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Performance in Intel IOMeter

Database Pattern

In the Database pattern the disk array is processing a stream of requests to read and write 8KB random-address data blocks. The ratio of read to write requests is changing from 0% to 100% throughout the test while the request queue size varies from 1 to 256.

We’ll discuss the results for queue depths of 1, 16 and 256.

At high percentages of reads the arrays all have similar performance. The differences can only be seen in the right part of the diagram where deferred writing influences the results. The speed of the RAID0 arrays increases depending on the number of disks in them, but a strict proportion can only be observed at 80% or higher writes.

It’s interesting to watch the behavior of the mirrored arrays RAID1 and RAID10. The former is ahead of the single disk until high percentages of writes. The same is true for the RAID10 in comparison with the two-disk RAID0 but it has a sudden slump at 60% writes.

The RAID5 arrays are no good at writing data due to the checksum calculation overhead. Take note that the performance of this array type depends but little on the number of disks in it. With RAID5 technology each write operation involves two read operations, two XOR operations, and two writes. All these disk operations are performed on two disks irrespective of the total amount of disks in the array. The controller can reduce the disk load by reading a full stripe (look here for details) when processing sequential data, but has to stick to the 2R-2X-2W method for random addresses.

When the queue is increased to 16 requests, the picture is different because the controller has got the opportunity to load all the disks of the array. The RAID0 arrays show a proportional performance growth depending on the number of disks under any load. Well, the four-disk RAID0 doesn’t speed up as much as you could expect looking at the same-type arrays with fewer disks. These arrays also increase their speed at high percentages of writes but this trend is not so conspicuous here because the left part of the graphs has risen up, too.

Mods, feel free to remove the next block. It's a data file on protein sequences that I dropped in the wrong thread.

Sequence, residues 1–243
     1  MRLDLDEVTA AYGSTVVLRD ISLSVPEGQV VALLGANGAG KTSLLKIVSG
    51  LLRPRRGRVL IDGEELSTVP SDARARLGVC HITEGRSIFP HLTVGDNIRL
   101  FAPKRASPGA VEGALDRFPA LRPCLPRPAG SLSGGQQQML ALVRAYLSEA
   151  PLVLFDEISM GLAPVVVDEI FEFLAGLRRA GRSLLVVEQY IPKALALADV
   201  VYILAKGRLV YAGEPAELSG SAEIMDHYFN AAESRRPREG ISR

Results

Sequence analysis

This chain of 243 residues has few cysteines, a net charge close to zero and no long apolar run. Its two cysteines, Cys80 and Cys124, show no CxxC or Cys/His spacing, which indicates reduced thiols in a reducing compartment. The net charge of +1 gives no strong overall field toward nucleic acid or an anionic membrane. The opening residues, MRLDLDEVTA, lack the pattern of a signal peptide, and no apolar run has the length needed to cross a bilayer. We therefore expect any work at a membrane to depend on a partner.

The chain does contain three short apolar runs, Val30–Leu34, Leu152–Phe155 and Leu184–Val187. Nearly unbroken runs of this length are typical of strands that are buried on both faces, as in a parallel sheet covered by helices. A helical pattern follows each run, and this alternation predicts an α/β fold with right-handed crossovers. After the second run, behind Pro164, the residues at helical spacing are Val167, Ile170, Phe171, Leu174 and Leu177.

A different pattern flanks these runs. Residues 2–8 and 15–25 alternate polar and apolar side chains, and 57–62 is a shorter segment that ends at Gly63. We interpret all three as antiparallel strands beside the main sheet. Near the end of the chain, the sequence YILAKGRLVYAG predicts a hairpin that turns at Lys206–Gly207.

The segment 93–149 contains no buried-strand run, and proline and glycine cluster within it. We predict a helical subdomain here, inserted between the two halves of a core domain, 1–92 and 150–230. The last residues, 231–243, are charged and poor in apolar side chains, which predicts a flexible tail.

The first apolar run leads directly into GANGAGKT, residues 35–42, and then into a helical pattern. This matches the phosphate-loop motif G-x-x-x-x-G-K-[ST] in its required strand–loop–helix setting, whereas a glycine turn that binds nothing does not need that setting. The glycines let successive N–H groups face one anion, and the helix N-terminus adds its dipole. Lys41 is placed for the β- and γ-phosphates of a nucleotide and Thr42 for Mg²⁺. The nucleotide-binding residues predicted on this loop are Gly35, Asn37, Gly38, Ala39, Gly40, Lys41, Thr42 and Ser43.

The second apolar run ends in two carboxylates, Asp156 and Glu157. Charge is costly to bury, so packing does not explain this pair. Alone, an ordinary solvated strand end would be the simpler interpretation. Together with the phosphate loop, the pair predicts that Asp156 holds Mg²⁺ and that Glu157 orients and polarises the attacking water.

The mirrored RAID1 and RAID10 arrays are faster at reading. They are always ahead of the single disk and two-disk RAID0, respectively, in every test mode except for writes-only. Take note that the RAID10 proves to be the fastest array in the reads-only mode, outperforming the four-disk RAID0. The RAID1 is considerably faster than the two-disk RAID0 in this mode.

The RAID5 arrays are about as fast as the RAID0 arrays with the same amount of disks at random reading but slow down suddenly as soon as there are write requests to be performed. As a result, they are slower than the single disk or any other array at 70% and higher writes. Interestingly, the three-disk RAID5 is somewhat faster than the four-disk RAID5 in the writes-only mode.

There are few changes in the standings when the request queue is increased further. We can note all the arrays deliver even higher speeds when processing read requests. The four-disk RAID0 and RAID5 are ahead of the RAID10 in the reads-only mode.

Here are diagrams that show the performance of each array at five different queue depths:

  • Database, 1HDD (graph)
  • Database, RAID0, 2HDD (graph)
  • Database, RAID0, 3HDD (graph)
  • Database, RAID0, 4HDD (graph)
  • Database, RAID1, 2HDD (graph)
  • Database, RAID10, 4HDD (graph)
  • Database, RAID5, 3HDD (graph)
  • Database, RAID5, 4HDD (graph)
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